What are the rules regarding coverage in internal audits?

DariusPlumdon

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Can anyone advise what are the rules regarding coverage in internal audits for IATF16949?

The context is that I have been on 2 separate internal audit training courses (one ISO9001 & one ITAF) both with very well known and respected European external certification bodies; these were both over 5 years ago ... so things may have changed.

In both training courses it was explained that the audit starts when you arrange the audit, so work you do as an auditor reviewing and checking documentation (company Quality Policy, Manuals, Processes etc.) is very much included as part of the audit, as even before the opening meeting you may find something the means a finding will be raised, or more likely have questions on particular issues found during the documentation audit. The 'audit' does NOT only start with the opening meeting and is NOT limited to just the interviews and the summary discussion at the end.

In reality in most cases you will cover clauses in both the audit of the documentation AND the interviews; but at occasionally a particular clause may not be discussed/covered during an interview; e.g. coverage focused on other areas in the time allowed with the interviewee, or none of those interviewed worked in that particular area (e.g. engineers interviewed worked on Requirement Generation, Design Specifications and Software Coding, but not Testing)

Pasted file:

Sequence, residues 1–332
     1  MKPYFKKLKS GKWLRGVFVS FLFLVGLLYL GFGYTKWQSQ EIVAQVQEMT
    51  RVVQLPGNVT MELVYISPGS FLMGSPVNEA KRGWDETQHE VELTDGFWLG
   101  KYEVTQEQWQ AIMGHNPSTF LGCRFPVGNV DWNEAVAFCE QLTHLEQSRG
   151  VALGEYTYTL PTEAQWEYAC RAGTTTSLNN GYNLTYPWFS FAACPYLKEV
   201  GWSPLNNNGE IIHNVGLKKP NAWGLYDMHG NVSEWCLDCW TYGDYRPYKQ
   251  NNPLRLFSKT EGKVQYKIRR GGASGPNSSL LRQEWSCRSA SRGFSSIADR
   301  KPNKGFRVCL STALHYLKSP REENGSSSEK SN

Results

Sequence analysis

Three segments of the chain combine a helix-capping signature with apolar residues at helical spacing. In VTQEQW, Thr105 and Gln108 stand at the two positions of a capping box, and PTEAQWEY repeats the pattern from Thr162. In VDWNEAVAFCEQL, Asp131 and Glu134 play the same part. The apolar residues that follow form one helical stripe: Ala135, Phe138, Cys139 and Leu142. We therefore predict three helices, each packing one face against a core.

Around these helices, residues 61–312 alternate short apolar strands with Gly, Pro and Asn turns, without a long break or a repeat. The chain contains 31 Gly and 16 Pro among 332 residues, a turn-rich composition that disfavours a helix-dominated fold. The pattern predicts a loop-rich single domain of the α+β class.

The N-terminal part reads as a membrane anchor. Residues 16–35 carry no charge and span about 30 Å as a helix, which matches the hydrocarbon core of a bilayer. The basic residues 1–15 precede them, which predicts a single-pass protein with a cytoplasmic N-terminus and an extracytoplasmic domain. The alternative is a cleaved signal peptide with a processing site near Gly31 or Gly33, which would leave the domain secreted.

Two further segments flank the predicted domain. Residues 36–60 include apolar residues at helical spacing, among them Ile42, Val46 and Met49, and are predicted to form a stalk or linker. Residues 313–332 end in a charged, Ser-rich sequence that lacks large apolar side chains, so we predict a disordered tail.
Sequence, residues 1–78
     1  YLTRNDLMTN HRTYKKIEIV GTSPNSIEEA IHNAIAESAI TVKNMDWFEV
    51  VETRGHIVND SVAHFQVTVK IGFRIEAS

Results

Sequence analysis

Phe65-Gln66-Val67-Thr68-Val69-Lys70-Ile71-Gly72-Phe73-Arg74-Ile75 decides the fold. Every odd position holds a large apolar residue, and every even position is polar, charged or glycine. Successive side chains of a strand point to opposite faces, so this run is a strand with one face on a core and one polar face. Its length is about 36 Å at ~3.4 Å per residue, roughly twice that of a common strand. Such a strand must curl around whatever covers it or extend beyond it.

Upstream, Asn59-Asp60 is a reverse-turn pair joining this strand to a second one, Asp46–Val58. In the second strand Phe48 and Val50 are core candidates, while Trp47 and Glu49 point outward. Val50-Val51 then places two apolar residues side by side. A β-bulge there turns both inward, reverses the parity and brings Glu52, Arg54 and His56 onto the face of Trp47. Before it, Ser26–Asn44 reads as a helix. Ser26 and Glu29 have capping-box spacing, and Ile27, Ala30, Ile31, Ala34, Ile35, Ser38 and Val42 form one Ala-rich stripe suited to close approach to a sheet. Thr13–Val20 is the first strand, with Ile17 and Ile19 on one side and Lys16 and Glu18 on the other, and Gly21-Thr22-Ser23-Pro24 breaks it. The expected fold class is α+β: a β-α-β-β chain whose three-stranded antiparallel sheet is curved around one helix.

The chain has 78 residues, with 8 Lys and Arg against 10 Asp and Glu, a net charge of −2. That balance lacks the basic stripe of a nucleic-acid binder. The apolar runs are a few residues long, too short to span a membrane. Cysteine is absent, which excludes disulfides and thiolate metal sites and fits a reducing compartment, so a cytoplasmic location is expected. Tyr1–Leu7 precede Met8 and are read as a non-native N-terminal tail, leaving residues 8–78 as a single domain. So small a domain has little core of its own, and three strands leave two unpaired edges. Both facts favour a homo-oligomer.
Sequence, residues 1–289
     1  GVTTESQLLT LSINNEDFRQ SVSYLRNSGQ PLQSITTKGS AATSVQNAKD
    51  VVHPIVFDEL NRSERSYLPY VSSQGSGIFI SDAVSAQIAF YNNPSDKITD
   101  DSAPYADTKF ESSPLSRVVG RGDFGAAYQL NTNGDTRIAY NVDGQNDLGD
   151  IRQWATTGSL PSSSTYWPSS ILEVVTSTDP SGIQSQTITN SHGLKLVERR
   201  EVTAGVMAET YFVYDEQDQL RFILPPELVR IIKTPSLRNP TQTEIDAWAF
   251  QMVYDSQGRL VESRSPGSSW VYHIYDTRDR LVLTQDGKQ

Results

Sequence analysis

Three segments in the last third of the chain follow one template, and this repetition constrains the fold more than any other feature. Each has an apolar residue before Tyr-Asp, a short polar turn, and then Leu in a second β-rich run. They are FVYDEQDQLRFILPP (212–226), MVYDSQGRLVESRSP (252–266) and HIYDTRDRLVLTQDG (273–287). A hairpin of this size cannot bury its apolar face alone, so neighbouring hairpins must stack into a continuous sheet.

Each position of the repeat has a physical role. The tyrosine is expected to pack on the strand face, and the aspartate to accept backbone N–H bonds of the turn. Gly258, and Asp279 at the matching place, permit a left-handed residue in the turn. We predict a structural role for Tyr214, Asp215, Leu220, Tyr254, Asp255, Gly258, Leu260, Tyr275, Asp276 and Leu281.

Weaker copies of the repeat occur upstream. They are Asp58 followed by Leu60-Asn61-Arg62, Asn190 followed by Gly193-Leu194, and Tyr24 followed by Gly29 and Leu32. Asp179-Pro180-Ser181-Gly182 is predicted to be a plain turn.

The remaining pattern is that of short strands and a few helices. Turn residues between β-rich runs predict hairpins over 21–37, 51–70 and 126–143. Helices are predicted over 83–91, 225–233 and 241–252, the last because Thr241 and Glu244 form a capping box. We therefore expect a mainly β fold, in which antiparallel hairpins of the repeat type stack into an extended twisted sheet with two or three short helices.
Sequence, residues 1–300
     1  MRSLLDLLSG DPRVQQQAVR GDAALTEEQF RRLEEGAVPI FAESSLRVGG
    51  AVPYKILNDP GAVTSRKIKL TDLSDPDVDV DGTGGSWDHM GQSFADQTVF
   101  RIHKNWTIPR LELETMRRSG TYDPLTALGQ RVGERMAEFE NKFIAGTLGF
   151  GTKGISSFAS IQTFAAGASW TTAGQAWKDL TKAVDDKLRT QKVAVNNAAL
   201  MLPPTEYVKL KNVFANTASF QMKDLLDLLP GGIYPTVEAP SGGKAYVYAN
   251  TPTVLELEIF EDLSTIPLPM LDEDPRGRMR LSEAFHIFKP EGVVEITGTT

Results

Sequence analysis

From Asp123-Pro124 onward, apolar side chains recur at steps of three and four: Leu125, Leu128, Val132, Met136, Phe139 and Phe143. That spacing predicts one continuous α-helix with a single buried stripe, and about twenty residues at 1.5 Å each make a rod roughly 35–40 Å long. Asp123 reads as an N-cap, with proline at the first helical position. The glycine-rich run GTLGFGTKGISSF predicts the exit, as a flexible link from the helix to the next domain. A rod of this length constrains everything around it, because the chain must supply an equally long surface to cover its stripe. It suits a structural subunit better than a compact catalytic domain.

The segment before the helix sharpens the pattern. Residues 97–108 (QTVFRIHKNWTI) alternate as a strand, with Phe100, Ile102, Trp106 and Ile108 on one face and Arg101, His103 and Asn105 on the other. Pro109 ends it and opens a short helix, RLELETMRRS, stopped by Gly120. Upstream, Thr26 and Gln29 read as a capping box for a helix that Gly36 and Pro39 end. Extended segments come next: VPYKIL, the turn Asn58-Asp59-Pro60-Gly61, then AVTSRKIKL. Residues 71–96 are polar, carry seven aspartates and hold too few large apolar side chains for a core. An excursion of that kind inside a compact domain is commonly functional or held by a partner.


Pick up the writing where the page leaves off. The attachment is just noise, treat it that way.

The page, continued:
Both the external certification bodies who provided training said that whilst an auditor should aim to cover these in the documentation audit and the interviews .... in these cases where the auditor has covered the clause(s) in the documentation audit, but not in the interviews that this is acceptable and that you CAN record that the clause has been covered. Is this still the case, or has something changes so all applicable causes to the group be audited must now be covered in interviews?

The reason this is important is that our external auditor wants to check our matrix to ensure we have covered all applicable clauses in our internal audits, but as there are some clauses that are completed by a single department in our organization (e.g. Procurement and Warehouse) they do not get covered in another internal audit.